Do any of you guys use a Camel Back drink system? (or similar one?). Mine not only holds 2 L of water but becomes a sort of impromptu office, small tool storage for odds and ends: Paper work, Passport, some money, TVIP. It's quite spacious with several zipped pouches and pockets for storage, some running the whole length of the pack. I carry all kinds of things in it.

It's on my back so it won't likely fall off ... just be careful you don't walk off the LEAVE IT in a Cafe. (yes, I did just that!)
In heat I'm drinking constantly to avoid dehydration/heat stroke/cramping.

I don't mind the bit of weight and never bothers me riding ... as I've used them 20 years off road and traveling too. Very handy.

I do carry a front inner tube on my Fender, nothing more. Another alternative to using a front rack are Tank Panniers. Weight is more central and lower. Worth a try if looking for more storage.

These Tusk ones cost $15 usd.
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Old 17 Jun 2014
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Keep the light stuff up front, and you'll be ok.
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Old 18 Jun 2014
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Front rack, yay or nay?

Quote:
Originally Posted by mollydog View Post
I'm not a fan of packing up stuff so high and forward. But I guess if light enough, it may not affect handling or control. I think Lois may have over done it ... probably about 25 kgs. on that Yamaha Serow. What you guys think?



Do any of you guys use a Camel Back drink system? (or similar one?). Mine not only holds 2 L of water but becomes a sort of impromptu office, small tool storage for odds and ends: Paper work, Passport, some money, TVIP. It's quite spacious with several zipped pouches and pockets for storage, some running the whole length of the pack. I carry all kinds of things in it.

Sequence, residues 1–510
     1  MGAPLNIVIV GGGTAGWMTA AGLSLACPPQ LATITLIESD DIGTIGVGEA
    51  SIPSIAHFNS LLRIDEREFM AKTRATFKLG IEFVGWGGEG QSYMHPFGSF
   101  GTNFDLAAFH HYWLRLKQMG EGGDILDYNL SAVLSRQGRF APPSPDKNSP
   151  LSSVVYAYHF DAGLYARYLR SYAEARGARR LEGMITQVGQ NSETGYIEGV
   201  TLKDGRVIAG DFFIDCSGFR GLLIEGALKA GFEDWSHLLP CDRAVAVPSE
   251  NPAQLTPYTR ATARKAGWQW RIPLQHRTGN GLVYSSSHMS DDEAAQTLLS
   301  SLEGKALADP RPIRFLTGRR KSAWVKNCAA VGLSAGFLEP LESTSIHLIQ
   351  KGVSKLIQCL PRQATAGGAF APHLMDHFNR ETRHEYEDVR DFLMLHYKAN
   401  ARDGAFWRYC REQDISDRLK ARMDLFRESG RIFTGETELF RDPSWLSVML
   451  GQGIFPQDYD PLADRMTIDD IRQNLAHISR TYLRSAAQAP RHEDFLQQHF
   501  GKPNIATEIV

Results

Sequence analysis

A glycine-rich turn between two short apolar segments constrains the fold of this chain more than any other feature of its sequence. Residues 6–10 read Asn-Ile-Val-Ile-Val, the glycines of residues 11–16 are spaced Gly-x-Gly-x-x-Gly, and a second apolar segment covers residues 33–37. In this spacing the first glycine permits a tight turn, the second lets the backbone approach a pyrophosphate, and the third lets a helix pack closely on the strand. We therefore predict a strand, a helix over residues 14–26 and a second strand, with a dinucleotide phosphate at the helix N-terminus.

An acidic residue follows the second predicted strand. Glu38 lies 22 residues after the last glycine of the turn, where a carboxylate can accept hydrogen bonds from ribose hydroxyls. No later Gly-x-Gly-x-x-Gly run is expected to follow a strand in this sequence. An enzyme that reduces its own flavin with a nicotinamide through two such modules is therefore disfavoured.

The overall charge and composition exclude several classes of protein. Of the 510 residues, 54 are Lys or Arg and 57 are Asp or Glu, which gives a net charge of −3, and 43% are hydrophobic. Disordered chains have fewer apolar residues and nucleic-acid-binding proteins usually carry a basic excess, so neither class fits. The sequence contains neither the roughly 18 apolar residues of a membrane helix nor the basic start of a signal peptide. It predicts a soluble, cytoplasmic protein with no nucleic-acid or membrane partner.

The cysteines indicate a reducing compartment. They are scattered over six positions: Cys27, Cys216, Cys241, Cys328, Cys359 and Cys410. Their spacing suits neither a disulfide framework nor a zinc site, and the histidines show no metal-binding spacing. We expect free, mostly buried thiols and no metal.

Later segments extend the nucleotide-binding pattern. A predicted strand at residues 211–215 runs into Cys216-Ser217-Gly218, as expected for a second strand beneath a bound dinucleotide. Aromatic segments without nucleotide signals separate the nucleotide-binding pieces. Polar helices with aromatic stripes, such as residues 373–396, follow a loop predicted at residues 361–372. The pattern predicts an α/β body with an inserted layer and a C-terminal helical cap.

It's on my back so it won't likely fall off ... just be careful you don't walk off the LEAVE IT in a Cafe. (yes, I did just that!)
In heat I'm drinking constantly to avoid dehydration/heat stroke/cramping.

I don't mind the bit of weight and never bothers me riding ... as I've used them 20 years off road and traveling too. Very handy.

I do carry a front inner tube on my Fender, nothing more. Another alternative to using a front rack are Tank Panniers. Weight is more central and lower. Worth a try if looking for more storage.

These Tusk ones cost $15 usd.
Hi Mollydog,

What are your thoughts overall on packing? Basically keep weight low and forward on the frame as possible? I'm finding a hard time getting a rack done with panniers worth putting on here in small town chile.

I don't have much, a 31lt rack pack which will sit as pillion and hold heavy stuff, on top a very light backpack with sleeping gear only, maybe a 27lt top box and small tank bag for bits and bobs. It should look quite neat and tidy if nothing else and after looking at that picture feel better already, I wonder if she got to where ever she was going!?